To continue to build on the beaches of Barbados or not to build — that is the question! (And whether or not to start the practice of constructing towering buildings along the coastline of Barbados — that is an associated question!).
My own personal position is that we have already done enough building on the most prized beaches of Barbados, and that we are in danger of killing the proverbial goose that lays the tourism golden egg.
And so, whether I oppose the building of a 15-story monstrosity of a Hyatt hotel in the law courts of Barbados or through an Environmental Impact Assessment (EIA) process — inclusive of town hall meetings — the fact is that I, in my capacity as a citizen of Barbados, intend to continue to oppose it! Those who would suggest otherwise either really don’t know David Comissiong, or are simply engaging in opportunist partisan politics.
Surely, the main reason why tourists choose to come to Barbados is to enjoy the beauty and comfort of our natural environment — with our beaches taking pride of place — and to experience the heritage of our country and the warmth and hospitality of our people and their social culture.
I would therefore like to urge all Barbadians to seriously consider whether we really want to construct towering hotel structures along the magnificent beachfront of Carlisle Bay, or to accelerate the process of transforming a Bajan people’s beach into an alienated coastal zone in which locals feel uncomfortable.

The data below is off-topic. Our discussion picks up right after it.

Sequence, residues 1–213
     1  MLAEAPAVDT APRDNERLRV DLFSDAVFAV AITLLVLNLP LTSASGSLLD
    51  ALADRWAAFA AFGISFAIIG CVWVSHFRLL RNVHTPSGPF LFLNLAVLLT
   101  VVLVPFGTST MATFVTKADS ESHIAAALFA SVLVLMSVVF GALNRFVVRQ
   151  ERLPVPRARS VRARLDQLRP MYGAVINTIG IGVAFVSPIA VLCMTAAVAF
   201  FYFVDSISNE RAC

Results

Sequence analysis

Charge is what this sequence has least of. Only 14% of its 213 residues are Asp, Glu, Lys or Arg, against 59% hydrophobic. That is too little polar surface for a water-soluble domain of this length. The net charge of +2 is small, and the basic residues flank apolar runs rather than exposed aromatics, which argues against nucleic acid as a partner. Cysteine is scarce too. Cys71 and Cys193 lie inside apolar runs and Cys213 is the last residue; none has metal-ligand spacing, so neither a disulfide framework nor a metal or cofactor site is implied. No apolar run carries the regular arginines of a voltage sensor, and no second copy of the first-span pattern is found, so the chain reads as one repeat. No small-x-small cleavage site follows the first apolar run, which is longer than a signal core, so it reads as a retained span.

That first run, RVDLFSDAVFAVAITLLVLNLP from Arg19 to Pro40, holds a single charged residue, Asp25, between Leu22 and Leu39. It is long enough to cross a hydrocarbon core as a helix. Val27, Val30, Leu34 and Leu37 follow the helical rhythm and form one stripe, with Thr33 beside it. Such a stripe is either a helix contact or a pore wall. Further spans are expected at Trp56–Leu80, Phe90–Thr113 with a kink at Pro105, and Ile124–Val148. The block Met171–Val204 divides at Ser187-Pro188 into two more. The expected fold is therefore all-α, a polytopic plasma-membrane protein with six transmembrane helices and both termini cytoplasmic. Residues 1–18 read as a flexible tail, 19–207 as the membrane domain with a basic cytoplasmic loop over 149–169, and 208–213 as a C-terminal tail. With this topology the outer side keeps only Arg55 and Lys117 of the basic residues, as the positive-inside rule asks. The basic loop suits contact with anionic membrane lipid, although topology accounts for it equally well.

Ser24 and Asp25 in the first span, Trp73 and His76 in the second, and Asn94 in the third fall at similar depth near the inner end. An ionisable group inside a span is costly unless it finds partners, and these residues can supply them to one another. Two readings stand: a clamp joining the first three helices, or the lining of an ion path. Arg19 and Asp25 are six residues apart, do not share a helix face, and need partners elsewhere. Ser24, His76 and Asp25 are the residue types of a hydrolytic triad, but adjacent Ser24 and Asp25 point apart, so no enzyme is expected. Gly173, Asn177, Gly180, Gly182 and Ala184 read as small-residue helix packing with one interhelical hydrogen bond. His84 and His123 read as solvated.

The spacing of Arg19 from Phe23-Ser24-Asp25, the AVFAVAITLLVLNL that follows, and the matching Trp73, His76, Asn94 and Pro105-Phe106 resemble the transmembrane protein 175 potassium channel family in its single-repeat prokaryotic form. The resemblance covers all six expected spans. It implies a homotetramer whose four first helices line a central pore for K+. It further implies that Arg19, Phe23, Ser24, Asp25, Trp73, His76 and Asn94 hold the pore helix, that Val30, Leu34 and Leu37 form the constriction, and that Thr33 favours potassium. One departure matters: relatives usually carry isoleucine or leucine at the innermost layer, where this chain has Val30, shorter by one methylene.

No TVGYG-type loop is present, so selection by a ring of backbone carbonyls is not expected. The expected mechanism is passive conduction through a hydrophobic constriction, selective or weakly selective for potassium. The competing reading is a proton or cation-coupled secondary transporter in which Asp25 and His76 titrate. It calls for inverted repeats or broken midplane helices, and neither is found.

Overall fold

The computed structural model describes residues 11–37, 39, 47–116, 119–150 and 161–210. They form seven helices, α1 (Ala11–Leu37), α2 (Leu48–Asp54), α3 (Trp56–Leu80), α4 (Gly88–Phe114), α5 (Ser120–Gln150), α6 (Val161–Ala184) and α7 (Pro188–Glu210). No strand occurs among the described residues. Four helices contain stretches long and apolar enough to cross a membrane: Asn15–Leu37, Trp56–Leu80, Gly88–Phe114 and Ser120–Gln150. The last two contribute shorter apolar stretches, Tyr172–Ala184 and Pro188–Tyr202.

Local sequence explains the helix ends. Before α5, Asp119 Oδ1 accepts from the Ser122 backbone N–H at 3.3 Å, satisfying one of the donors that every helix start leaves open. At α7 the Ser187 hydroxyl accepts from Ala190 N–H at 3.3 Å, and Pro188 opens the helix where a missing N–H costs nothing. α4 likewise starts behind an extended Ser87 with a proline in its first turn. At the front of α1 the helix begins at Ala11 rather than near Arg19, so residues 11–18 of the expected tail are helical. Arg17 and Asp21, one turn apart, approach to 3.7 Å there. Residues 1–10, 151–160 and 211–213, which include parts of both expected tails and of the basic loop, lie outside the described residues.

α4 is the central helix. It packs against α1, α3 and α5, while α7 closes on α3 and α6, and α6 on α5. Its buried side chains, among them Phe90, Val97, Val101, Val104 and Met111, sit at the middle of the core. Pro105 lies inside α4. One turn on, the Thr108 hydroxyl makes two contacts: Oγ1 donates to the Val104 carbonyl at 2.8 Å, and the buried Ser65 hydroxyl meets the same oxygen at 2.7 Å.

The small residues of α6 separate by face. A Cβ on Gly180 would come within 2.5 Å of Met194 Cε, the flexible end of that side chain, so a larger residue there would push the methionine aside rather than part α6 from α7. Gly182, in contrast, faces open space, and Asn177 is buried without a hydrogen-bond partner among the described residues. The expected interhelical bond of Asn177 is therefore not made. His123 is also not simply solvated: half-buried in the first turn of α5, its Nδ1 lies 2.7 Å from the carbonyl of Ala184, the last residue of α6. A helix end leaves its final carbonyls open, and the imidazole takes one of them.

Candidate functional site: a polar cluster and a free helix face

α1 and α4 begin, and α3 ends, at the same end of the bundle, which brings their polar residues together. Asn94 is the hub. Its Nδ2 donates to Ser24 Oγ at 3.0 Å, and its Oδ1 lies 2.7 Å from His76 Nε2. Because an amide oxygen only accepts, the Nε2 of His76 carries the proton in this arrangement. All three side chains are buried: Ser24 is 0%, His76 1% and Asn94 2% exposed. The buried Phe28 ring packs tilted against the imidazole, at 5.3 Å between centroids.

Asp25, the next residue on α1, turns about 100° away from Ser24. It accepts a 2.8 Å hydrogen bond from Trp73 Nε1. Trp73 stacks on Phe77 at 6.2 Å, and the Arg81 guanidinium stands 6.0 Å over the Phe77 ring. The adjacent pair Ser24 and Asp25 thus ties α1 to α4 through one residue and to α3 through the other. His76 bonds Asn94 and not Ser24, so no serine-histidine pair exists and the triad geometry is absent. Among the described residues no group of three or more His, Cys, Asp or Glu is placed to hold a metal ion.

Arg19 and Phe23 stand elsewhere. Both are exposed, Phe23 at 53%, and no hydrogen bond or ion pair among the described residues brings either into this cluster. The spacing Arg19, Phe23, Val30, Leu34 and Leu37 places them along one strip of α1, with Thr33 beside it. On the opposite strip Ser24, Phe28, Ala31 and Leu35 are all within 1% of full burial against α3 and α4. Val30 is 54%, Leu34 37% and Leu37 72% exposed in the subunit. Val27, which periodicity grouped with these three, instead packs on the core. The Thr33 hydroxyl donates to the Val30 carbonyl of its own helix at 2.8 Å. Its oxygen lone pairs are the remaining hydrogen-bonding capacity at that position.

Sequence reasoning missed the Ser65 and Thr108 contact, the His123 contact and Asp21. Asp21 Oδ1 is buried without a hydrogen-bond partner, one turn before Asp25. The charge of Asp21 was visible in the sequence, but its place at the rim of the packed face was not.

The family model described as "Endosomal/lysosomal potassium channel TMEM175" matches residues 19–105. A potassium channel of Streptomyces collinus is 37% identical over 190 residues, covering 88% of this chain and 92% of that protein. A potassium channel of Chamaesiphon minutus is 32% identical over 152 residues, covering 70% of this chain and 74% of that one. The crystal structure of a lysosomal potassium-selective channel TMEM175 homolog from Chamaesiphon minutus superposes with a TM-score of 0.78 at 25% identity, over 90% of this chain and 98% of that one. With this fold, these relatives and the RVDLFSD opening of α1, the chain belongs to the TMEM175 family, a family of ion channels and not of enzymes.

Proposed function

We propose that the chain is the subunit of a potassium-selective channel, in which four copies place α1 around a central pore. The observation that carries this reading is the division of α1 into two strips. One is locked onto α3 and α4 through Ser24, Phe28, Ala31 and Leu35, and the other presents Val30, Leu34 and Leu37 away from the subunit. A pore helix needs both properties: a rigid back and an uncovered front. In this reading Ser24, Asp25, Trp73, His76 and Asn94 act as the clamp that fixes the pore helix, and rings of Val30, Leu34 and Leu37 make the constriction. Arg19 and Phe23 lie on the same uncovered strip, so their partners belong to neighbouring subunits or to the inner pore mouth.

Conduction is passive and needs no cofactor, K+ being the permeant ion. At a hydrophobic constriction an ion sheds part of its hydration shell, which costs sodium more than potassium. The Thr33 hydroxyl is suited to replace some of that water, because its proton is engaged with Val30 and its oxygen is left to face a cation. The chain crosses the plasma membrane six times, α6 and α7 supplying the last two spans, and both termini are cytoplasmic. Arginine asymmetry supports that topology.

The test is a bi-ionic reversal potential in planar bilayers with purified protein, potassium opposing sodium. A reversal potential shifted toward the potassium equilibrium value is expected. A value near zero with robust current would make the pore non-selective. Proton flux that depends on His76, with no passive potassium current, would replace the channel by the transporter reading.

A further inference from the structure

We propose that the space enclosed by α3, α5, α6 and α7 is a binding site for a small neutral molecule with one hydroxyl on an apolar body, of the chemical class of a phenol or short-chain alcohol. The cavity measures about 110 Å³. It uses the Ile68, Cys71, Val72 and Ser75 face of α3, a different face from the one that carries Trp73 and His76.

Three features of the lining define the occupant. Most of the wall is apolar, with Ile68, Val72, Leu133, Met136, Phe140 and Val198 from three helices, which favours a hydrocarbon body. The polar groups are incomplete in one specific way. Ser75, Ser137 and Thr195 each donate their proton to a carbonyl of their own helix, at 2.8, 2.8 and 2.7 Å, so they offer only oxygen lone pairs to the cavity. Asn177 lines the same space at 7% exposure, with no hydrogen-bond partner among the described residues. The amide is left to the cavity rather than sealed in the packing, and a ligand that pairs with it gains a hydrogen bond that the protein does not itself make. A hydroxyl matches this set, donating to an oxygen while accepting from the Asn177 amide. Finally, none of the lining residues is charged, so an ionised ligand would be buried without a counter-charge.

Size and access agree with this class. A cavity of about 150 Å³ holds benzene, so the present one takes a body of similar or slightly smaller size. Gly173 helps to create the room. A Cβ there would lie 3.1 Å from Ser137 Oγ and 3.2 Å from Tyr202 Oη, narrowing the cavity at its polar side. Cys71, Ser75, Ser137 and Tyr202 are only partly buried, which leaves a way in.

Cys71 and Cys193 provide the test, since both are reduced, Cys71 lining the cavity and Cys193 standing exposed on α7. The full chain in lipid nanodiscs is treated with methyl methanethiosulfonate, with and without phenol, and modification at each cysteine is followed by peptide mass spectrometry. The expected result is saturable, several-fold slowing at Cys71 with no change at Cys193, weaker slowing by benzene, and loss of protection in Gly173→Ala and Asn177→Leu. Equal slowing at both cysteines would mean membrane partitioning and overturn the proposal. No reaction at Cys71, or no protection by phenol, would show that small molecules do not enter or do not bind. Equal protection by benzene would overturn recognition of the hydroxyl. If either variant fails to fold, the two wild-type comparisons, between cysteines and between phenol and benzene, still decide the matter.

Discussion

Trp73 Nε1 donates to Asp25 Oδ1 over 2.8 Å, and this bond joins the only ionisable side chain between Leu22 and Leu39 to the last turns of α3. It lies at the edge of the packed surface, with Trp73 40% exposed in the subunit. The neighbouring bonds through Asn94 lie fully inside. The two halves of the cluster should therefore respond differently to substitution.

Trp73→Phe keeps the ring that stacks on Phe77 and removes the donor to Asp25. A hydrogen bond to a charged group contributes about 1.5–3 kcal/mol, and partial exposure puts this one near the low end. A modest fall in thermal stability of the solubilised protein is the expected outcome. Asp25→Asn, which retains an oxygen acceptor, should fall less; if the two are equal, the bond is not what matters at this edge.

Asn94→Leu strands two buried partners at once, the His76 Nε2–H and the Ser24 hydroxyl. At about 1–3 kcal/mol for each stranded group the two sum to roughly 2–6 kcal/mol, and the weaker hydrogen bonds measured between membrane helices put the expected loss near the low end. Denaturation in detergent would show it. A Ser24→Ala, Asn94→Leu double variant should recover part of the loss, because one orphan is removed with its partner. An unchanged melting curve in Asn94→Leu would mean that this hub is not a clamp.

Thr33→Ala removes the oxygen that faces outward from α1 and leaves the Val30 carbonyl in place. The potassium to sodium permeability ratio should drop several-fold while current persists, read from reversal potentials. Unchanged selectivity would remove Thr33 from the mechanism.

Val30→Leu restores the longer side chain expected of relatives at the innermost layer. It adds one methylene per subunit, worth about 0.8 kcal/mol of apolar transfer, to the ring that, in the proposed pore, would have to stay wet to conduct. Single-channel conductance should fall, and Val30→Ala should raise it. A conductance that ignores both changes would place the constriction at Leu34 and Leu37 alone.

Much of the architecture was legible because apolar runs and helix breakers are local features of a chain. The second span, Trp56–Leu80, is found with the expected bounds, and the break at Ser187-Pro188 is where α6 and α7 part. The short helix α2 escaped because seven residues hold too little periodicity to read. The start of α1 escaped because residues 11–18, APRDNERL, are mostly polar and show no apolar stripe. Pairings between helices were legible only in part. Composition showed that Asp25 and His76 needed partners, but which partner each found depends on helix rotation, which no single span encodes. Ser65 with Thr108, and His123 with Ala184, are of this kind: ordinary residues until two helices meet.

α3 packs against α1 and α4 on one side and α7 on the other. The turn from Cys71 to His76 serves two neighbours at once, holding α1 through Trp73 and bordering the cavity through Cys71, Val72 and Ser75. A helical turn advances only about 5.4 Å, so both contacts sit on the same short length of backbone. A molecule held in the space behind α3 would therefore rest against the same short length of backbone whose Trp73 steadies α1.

Fellow Barbadians, what is wrong with establishing extensive “windows to the sea” along the most beautiful beaches of Barbados , so that these beaches can remain uncluttered and readily accessible for both citizens and visitors alike, while future hotel development takes place on the land-side of the coastal highway?
It is important that we recognize that Barbados possesses a unique natural, socio-cultural, and historical/heritage environment, and that we must therefore be very wary about engaging in so-called “development” that ends up doing permanent damage to what is truly unique and valuable about our environment. You see, once we do any fundamental damage to our unique Barbadian environment, we will never be able to restore it and it will be lost forever.
Indeed, in this regard, we need to pay special heed to the opinion of Mr Peter Stevens, the president of the Barbados National Trust, who has gone on record and has warned us that if the proposed Hyatt Hotel is constructed (as currently designed) it will almost certainly cause Barbados to be stripped of its UNESCO World Heritage site designation. And this would be a terrible tragedy, because the real future of Barbados’ tourism industry lies in the development of cultural, heritage, health , and educational tourism!
I also feel very strongly that as we go forward with tourism in Barbados that we should seek — more and more — to indigenize the industry. Let us, therefore, commit ourselves to a future of locally owned hotels and related facilities that fit snugly into our national environment, and that radiate the unique personality, charm, culture, and hospitality of the Barbadian people.
In conclusion, please permit me to say that the issue of “to build or not to build” on the beaches of Barbados (or the issue of whether or not to build towering hotels on our coastline) should not be pigeonholed as David Comissiong’s issue. N
eedless-to-say, I will continue to advocate and fight for my own personal position on the issue, but it is really a national issue and it is time that we have a comprehensive and responsible national conversation about it.
Citizen of Barbados